I’m in denial. As I tap away at the keyboard I am listening to Vivaldi’s Spring. Everyone who lives in northern New England knows there is no such thing as spring. Our calendar is divided into five not four seasons … and spring is not one of them.
After a very long winter we make a glacially slow transition to Mud Season. As the temperatures warm, country roads are turned into carnival rides of frost heaves and pot holes. Each year a few more dirt roads are paved but those that are left become mired in mud and ruts. Mud Season usually has a few winter-like flashbacks. In other words, it snows on our daffodils, at least once if not twice.
But Mud Season does offer up a few lovely surprises. Within hours of a soggy blizzard the sun comes out and the temperature soars to 70 even 80 degrees. The sun shines, everyone smiles and for the first time in a long time you get to enjoy a cup of coffee outside on the terrace.
The next day the sun is still shining. With joy in your heart and a bright smile on your face, you head out to garden or for a long walk around the lake. Within a few steps of your backdoor, a small but ardent swarm starts to buzz around your head. Mud Season is over and has given way to Black Fly Season.
Learned scientists offer the following information and advice on black flies:
Black flies sort of ease into the day.You rarely see them out in full force before 9:00. They stretch, have a bite or two and buzz around for a couple of hours. By the time the sun is high in the sky they’re ready for a siesta. Gardening, dog walking and window washing should be scheduled first thing in the morning
or in the early afternoon. Even if it’s balmy with a brilliant blue sky, midmorning coffee breaks should be taken inside until further notice.
After their nap black flies return in full force around 4:00 to buzz and bother until the sun goes down. Afternoon softball, lacrosse and soccer practices should be held indoors. Before you let the kids take over the living room, don’t forget to store breakable heirlooms in a safe place.
However, If you must go out when black flies are at their hungriest and swarmiest:
Mosquito repellents are effective against black flies. Unfortunately some people are sensitive to pesticides, especially those applied directly to their fragile selves. If skin reactions, eye irritation, slurred speech, confusion or seizures occur, it’s best to discontinue use.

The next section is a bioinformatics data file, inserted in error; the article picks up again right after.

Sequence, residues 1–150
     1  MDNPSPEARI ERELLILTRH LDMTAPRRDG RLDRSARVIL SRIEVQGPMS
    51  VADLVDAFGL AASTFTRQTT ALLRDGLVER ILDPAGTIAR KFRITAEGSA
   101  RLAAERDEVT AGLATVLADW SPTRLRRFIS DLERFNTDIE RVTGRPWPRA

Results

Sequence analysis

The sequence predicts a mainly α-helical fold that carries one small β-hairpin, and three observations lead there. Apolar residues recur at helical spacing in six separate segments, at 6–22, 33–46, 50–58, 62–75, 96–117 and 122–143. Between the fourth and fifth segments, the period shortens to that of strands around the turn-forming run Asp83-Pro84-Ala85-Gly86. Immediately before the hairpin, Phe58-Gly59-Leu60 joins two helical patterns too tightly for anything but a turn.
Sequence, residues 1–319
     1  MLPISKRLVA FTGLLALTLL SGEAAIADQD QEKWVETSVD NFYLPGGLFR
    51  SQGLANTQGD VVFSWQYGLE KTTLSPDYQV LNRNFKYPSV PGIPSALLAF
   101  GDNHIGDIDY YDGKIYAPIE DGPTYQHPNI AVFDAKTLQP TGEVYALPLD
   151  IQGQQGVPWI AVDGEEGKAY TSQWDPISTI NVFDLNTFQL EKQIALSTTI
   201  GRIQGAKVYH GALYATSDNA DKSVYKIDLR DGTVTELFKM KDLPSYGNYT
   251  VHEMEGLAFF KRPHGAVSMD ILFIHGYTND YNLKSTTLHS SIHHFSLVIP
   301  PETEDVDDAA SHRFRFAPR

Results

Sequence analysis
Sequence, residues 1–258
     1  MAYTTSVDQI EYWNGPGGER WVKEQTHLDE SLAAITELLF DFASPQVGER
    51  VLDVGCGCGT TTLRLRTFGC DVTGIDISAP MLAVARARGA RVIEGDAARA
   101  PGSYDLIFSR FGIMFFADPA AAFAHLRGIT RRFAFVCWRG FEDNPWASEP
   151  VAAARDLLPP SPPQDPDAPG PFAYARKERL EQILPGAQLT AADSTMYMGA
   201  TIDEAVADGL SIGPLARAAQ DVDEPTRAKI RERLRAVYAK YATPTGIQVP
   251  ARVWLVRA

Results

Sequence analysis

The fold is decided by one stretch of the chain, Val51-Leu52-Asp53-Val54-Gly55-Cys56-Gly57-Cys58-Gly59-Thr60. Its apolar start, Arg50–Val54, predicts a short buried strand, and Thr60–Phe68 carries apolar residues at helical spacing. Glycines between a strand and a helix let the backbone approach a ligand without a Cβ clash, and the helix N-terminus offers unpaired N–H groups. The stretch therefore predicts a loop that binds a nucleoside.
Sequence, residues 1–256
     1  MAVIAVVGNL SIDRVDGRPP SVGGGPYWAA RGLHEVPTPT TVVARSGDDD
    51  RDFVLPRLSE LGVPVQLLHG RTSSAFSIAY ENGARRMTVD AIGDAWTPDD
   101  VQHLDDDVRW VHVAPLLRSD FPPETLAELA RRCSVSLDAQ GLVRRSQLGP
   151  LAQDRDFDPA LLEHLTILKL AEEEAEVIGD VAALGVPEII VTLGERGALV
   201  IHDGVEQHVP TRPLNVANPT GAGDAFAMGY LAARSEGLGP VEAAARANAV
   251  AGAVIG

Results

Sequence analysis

On the other hand, you can trick black flies with some clever wardrobe changes. Since they tend to flock to basic black and other dark colors, stick to light and bright spring pastels when you are out and about. And don’t forget to tuck in your shirt tail. Your mom will be happy and it will keep the black flies away from your tender tummy. Button those buttons up to your chin, secure your cuffs and tuck your trousers inside your socks. Complete this eye catching look with a shoulder-length head net. The black flies will laugh so hard they’ll forget to bite you.
Stay safe and bon appétit!
Grilled Mustard Pork Chops
Even if I have to wear a head net, warm weather is calling me to cook outside. It’s time to marinate a few pork chops and get the grill going. Enjoy!
1 cup dry white wine
Juice of 1/2 lemon
2 tablespoons whole grain mustard
1 teaspoon or to taste hot sauce
1 tablespoon honey
1/2 small onion roughly chopped
1 clove garlic
2 teaspoons chopped fresh rosemary or 1/2 teaspoon dried
Kosher salt and freshly ground pepper to taste
4 pork chops
Put the marinade ingredients in a blender and process until smooth. Put the pork chops and marinade in a zip lock bag, seal the bag squeezing out the excess air. Marinate, turning the bag a few times, for at least 4 hours or overnight.
Remove the pork from the bag and shake off excess marinade. Sear the pork by grilling both sides on medium-high heat for about 2 minutes each. Reduce the heat to low and continue cooking, turning a few times until the pork registers an internal temperature of 145 degrees, about 8-10 minutes.
Transfer to a platter and let stand for 10 minutes, loosely covered in foil.
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